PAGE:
6. Arvind Subramanian & Jonathan David Ostry & Simon Johnson, 2007. "The Prospects for Sustained Growth in Africa; Benchmarking the Constraints," IMF Working Papers 07/52, International Monetary Fund.
    7. James H. Stock & Mark W. Watson, 2008. "Heteroskedasticity-Robust Standard Errors for Fixed Effects Panel Data Regression," Econometrica, Econometric Society, vol. 76(1), pages 155-174, January.
    8. Markus Brückner & Antonio Ciccone, 2010. "International Commodity Prices, Growth and the Outbreak of Civil War in Sub-Saharan Africa," Economic Journal, Royal Economic Society, vol. 120(544), pages 519-534, May.
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    10. Paul Collier & Benedikt Goderis, 2009. "Structural policies for shock-prone developing countries," Oxford Economic Papers, Oxford University Press, vol. 61(4), pages 703-726, October.
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    Citations

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    Cited by:

    1. Douglas Gollin & Remi Jedwab & Dietrich Vollrath, 2016. "Urbanization with and without industrialization," Journal of Economic Growth, Springer, vol. 21(1), pages 35-70, March.
    2. Adriana Kocornik-Mina & Thomas K.J. McDermott & Guy Michaels & Ferdinand Rauch, 2015. "Flooded cities," GRI Working Papers 221, Grantham Research Institute on Climate Change and the Environment.
    3. Matthew Collin & Justin Sandefur & Andrew Zeitlin, 2015. "Falling Off the Map: The Impact of Formalizing (Some) Informal Settlements in Tanzania," CSAE Working Paper Series 2015-09, Centre for the Study of African Economies, University of Oxford.
    4. Jedwab, Remi & Christiaensen, Luc & Gindelsky, Marina, 2017. "Demography, urbanization and development: Rural push, urban pull and…urban push?," Journal of Urban Economics, Elsevier, vol. 98(C), pages 6-16.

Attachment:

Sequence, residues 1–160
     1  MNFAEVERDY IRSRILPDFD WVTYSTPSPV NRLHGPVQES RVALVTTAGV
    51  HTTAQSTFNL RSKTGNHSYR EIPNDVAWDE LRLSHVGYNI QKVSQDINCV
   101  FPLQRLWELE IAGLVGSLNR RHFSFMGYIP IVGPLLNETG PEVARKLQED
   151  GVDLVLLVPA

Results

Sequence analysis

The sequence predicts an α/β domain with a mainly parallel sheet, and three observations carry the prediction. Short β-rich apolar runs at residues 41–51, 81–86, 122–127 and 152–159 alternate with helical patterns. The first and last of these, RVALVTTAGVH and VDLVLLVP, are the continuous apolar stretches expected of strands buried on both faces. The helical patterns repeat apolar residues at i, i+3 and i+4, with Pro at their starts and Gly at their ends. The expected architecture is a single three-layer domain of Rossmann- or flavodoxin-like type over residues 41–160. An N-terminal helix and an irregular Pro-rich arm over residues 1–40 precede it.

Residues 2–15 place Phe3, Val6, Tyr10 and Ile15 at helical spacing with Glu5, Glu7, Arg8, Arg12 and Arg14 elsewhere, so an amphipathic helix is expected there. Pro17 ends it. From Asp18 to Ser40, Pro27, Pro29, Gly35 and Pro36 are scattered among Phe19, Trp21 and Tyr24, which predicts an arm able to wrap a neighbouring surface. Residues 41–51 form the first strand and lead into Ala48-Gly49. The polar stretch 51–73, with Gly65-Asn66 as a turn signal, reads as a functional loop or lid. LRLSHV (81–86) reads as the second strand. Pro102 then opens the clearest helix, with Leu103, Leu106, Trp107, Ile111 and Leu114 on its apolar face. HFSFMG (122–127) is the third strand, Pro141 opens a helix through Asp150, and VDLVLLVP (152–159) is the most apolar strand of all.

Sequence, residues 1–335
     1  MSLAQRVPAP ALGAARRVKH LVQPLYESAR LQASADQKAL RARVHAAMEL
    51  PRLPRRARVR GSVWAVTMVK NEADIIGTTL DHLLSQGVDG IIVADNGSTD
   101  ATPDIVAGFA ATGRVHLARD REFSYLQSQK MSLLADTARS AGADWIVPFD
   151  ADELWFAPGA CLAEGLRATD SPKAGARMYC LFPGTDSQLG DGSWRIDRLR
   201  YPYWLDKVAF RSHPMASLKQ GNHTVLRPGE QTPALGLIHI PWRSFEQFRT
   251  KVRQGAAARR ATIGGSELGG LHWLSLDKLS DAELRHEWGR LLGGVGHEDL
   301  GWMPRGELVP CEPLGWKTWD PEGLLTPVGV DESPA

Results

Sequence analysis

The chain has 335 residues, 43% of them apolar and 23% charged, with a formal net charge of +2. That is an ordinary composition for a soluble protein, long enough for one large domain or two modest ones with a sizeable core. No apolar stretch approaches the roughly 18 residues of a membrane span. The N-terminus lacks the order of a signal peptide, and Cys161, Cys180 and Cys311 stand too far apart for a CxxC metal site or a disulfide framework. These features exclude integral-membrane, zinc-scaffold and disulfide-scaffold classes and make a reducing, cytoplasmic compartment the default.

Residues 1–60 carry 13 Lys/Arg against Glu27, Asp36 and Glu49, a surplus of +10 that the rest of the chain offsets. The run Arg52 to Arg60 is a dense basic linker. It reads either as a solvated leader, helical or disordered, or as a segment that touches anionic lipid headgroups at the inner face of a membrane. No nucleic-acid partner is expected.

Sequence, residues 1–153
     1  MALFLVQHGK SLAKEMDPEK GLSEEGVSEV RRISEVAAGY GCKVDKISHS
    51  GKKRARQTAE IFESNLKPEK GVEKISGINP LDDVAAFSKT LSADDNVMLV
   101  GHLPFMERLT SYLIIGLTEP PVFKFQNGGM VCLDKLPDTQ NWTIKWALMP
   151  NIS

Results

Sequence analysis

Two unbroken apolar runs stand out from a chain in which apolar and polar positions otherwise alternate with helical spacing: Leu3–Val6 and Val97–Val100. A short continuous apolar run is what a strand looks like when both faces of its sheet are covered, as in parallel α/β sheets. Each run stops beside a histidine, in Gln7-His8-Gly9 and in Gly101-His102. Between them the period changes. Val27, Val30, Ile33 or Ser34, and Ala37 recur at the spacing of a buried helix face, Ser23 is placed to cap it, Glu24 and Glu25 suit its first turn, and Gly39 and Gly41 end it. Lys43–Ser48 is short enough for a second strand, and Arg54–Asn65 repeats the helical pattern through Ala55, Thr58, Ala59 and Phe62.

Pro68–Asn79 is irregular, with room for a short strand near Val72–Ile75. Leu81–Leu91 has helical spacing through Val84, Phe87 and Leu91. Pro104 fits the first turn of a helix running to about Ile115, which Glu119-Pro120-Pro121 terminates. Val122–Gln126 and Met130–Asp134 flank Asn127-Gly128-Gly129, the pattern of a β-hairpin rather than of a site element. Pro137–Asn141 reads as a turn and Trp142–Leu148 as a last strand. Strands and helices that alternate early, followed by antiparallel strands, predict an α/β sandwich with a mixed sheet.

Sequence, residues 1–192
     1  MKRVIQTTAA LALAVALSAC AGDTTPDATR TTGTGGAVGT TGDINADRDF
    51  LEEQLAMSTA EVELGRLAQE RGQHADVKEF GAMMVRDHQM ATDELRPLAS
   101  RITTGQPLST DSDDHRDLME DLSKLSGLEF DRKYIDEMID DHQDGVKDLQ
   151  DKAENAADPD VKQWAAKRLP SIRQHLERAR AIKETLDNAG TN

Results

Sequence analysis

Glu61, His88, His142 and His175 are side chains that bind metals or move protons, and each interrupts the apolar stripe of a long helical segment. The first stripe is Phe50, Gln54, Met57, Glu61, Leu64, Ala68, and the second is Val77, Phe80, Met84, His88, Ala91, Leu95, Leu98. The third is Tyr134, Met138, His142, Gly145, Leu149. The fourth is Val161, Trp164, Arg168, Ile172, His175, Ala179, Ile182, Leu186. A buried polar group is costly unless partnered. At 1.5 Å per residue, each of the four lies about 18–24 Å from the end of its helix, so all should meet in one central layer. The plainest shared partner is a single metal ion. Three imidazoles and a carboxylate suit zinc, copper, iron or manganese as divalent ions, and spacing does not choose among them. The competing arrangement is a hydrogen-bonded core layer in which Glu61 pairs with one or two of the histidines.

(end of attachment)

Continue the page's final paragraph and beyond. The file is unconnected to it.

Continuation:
5. Henderson, J. Vernon & Storeygard, Adam & Deichmann, Uwe, 2017. "Has climate change driven urbanization in Africa?," Journal of Development Economics, Elsevier, vol. 124(C), pages 60-82.
    6. Henderson, J. Vernon & Storeygard, Adam & Deichmann, Uwe, 2014. "50 years of urbanization in Africa : examining the role of climate change," Policy Research Working Paper Series 6925, The World Bank.
    7. Jedwab, Remi & Vollrath, Dietrich, 2015. "Urbanization without growth in historical perspective," Explorations in Economic History, Elsevier, vol. 58(C), pages 1-21.
    8. World Bank Group, 2015. "Stocktaking of the Housing Sector in Sub-Saharan Africa," World Bank Other Operational Studies 23358, The World Bank.
    9. Desmet, Klaus & Henderson, J. Vernon, 2015. "The Geography of Development Within Countries," Handbook of Regional and Urban Economics, Elsevier.
    10. Margaret McMillan & Kenneth Harttgen, 2014. "Working Paper - 209 - What is driving the African Growth Miracle," Working Paper Series 2145, African Development Bank.

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    Keywords

    Population Policies; Emerging Markets; Economic Theory&Research; Environmental Economics&Policies; E-Business;